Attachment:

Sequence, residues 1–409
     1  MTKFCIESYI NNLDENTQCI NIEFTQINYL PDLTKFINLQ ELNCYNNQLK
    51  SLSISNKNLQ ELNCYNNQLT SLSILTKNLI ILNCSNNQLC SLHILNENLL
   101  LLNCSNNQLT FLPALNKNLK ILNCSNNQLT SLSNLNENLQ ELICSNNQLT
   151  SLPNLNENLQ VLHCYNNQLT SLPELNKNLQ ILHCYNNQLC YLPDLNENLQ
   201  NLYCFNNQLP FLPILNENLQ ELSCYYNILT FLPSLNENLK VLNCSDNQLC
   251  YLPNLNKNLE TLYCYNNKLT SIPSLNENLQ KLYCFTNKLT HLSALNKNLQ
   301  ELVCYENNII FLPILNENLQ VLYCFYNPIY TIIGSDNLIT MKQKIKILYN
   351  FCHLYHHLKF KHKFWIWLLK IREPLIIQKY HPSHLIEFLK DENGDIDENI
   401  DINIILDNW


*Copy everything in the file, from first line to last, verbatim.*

Sequence, residues 1–409
     1  MTKFCIESYI NNLDENTQCI NIEFTQINYL PDLTKFINLQ ELNCYNNQLK
    51  SLSISNKNLQ ELNCYNNQLT SLSILTKNLI ILNCSNNQLC SLHILNENLL
   101  LLNCSNNQLT FLPALNKNLK ILNCSNNQLT SLSNLNENLQ ELICSNNQLT
   151  SLPNLNENLQ VLHCYNNQLT SLPELNKNLQ ILHCYNNQLC YLPDLNENLQ
   201  NLYCFNNQLP FLPILNENLQ ELSCYYNILT FLPSLNENLK VLNCSDNQLC
   251  YLPNLNKNLE TLYCYNNKLT SIPSLNENLQ KLYCFTNKLT HLSALNKNLQ
   301  ELVCYENNII FLPILNENLQ VLYCFYNPIY TIIGSDNLIT MKQKIKILYN
   351  FCHLYHHLKF KHKFWIWLLK IREPLIIQKY HPSHLIEFLK DENGDIDENI
   401  DINIILDNW